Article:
of the permanent kidney around its pelvis. This explains why the
permanent kidney is supplied by iliac lymphatics, while on the other
hand the retroperitoneal sac spreads into the ventral capsule of the
Wolffian bodies as far as the edge of the reproductive glands. Their
lymphatics therefore grow from the retroperitoneal or prae-aortic sac.
The iliac sac is not complete in 23a; the iliac plexus grows down to a
point exactly opposite the bifurcation of the aorta where it swells into
a sac which I first identified as the posterior sac in 1901 in a n embryo
pig 25 mm. long. From this enlarged end grow three main groupsof
lymphatics, (1) a n abundant plexus of vessels surrounding and following
the umbilical arteries, (2) the femoral and (3) the ilio-lumbar vessels
ivhich together drain the leg and abdominal wall.
The cisterna chyli is not present in 23a, but in an embryo 23b from
the same litter as 23a, the blood filled plexus which arises on either side
in common with the iliac plexus has arched across the midline, d o r d
t o the sympathetic ganglia and the aorta. Immediately dorsal to the
aorta a t the level of the anlage of the adrenal bodies the blood filled
lymphatics have enlarged into a cisterna chyli. I n my article in the
Ergebnisse I have shown this important point, that all of the primary
lymphatics bud into non-vascular zones; if the non-vascular areas are
large, the sacs are large, as for example the jugular and the retroperitoneal s&s in the pig; if the non-vascular areas are small, the sacs are
small, as for example the iliac sac and the cisterna chyli in thc pig.
The cisterna chyli develops opposite the adrenal anlage just a t the tip
of the developing azygos veins. Caudal t o this point the segmental
venous plexus drains through the Wolffian body and the transition zone
is a small non-vascular area. Tracing the thoracic duct by the presence
of the blood, the vessels have not yet grown beyond the region of the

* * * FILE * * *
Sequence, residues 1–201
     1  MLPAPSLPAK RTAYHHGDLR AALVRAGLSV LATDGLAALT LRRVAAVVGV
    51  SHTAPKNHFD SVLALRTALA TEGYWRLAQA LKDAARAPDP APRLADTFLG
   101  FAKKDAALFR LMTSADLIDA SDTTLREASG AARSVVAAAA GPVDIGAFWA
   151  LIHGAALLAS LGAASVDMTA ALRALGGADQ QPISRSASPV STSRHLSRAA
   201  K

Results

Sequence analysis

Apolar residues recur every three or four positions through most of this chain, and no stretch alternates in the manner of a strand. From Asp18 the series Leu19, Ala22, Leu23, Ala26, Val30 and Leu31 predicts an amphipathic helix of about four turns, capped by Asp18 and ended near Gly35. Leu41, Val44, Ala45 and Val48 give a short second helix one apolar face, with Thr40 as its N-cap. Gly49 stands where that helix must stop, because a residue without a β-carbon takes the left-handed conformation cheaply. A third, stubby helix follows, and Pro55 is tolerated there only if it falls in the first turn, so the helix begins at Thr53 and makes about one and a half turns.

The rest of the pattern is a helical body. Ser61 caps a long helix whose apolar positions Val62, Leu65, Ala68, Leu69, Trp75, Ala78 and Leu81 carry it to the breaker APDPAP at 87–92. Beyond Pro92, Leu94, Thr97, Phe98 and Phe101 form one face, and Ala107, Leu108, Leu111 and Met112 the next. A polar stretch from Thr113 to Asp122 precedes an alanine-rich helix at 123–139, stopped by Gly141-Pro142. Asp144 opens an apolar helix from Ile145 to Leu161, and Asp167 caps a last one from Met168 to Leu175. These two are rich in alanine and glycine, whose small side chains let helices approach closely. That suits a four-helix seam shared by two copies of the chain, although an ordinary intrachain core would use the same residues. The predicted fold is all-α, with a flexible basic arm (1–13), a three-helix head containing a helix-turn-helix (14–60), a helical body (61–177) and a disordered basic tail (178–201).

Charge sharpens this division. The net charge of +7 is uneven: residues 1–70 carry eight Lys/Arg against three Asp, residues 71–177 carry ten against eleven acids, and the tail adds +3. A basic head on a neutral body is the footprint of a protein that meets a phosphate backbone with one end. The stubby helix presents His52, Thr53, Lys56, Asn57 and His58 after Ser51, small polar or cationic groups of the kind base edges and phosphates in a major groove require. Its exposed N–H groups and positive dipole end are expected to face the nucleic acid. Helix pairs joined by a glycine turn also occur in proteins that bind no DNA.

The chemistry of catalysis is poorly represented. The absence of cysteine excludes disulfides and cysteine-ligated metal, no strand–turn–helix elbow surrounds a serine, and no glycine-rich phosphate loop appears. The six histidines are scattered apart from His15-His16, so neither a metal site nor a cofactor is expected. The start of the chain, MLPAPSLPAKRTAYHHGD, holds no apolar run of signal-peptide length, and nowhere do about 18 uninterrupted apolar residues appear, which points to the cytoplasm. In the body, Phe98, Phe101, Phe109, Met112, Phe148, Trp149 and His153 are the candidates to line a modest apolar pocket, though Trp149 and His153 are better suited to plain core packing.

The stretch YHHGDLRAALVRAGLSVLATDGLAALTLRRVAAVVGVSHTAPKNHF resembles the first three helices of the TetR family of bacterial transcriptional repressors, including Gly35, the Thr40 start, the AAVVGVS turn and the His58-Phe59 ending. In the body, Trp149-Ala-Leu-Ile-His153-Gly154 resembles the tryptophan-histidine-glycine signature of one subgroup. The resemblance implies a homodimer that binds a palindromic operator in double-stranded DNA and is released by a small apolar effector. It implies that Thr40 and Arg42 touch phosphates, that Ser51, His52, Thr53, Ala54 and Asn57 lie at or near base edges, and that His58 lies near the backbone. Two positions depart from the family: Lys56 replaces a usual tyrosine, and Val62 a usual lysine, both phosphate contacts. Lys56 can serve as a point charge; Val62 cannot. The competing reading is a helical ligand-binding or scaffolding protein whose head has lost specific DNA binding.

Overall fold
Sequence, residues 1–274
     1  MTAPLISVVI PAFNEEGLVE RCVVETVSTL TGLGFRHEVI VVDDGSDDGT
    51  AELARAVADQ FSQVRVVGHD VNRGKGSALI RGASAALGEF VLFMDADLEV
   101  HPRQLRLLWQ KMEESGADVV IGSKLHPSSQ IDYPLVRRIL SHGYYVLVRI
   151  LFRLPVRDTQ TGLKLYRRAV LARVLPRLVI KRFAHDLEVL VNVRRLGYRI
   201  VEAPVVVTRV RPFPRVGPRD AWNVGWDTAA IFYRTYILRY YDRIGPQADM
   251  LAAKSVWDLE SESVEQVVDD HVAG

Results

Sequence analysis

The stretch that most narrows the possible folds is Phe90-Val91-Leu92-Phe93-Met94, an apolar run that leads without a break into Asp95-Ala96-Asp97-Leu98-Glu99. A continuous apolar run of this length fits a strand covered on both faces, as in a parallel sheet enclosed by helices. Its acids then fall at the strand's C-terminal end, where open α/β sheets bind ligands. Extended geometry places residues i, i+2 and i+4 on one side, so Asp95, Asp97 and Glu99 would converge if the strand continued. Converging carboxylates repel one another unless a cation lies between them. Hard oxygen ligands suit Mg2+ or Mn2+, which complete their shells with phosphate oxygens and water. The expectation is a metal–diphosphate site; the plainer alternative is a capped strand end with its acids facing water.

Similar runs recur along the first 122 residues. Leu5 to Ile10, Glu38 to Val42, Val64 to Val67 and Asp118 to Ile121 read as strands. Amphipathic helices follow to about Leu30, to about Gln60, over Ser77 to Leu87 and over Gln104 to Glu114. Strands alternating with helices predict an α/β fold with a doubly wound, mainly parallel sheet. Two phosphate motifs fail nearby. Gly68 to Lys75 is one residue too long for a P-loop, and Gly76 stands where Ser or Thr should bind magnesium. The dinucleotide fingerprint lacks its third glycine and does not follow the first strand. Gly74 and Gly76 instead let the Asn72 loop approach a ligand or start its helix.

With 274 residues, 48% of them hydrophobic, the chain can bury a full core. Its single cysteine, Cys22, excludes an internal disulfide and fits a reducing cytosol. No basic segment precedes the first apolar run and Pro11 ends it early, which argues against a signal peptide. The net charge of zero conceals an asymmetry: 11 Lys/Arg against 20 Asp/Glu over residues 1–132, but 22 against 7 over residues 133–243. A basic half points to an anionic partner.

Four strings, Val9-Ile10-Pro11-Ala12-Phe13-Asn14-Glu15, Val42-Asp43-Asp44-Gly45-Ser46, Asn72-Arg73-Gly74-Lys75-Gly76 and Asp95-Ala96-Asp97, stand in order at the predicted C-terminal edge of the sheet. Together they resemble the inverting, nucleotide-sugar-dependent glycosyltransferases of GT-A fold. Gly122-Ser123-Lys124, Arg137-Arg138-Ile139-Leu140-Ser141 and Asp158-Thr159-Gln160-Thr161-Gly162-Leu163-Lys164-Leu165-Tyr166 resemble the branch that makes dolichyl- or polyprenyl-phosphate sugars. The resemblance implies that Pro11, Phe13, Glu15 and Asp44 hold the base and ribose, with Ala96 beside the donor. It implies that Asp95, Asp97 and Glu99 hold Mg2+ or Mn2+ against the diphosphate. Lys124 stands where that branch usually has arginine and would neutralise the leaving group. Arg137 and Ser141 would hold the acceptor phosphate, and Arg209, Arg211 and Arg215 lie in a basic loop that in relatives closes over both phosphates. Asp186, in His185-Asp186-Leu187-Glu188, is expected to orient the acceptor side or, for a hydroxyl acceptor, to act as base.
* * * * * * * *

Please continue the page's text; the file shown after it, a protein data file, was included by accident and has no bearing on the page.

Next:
adrenal bodies, the blood filled plexus has, however, grown caudalward
dorsal to the aorta t o a point opposite the hilum of the permanent
The rest of the thoracic duct forms rapidly, and is probably complete
a t the stage measuring 25 mm. I have completely reconstructed it
a t 27 mm. The lower segment is always characterized by being an
exceedingly abundant plexus which surrounds the aorta as is shown in
Pensa’s figures (111, while the portion from the heart t o the neck is
often a single trunk or at least a few vessels. I n a third specimen meas-
uring 23 mm. in which I washed out the blood vessels with Locke’s solution, the abdominal lymphatics are partially filled with blood and the
veins are empty. This shows that the blood packed stage is a short
one. I n this specimen lymphatics from the retroperitoneal sac are
growing around the aorta t o connect with the cisterna chyli. . Subsequently the main connection is around the cerebral surface of the adrenal.
All of the abdominal sacs become connected with each other.
A new embryo in the Mall collection, No. 460, measuring 21 mm.
is of great interest in connection with the abdominal lymphatics. A
careful reconstruction of this specimen with abundant illustrations
will be of value, but for the present I can only give a brief description.
I injected the embryo with India ink through the umbilicaI artery while
the heart was still beating. The vascular injection is almost perfect.
The embryo was then put directly into bichloride-acetic and the fixation is excellent.
I n marked contrast to the embryo pig of about the same length the
Wolffian bodies are disappearing, being pushed caudalward by the
growing permanent kidneys. Thc cerebral pole of the Wolffian bodies,
now far to the side, lies opposite the large median vein which still drains
the Wolffian bodies. This vein is now markedly assymmetrical, owing
to the enlargement of the right side of it, due t o the vena cava. From